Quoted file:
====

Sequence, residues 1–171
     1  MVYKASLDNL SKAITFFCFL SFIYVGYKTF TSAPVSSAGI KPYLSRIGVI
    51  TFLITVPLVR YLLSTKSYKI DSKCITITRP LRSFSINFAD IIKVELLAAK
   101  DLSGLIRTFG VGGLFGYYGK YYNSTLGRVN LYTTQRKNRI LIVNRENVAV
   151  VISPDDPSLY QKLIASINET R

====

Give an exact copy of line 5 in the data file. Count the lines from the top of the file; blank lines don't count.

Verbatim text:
   151  VISPDDPSLY QKLIASINET R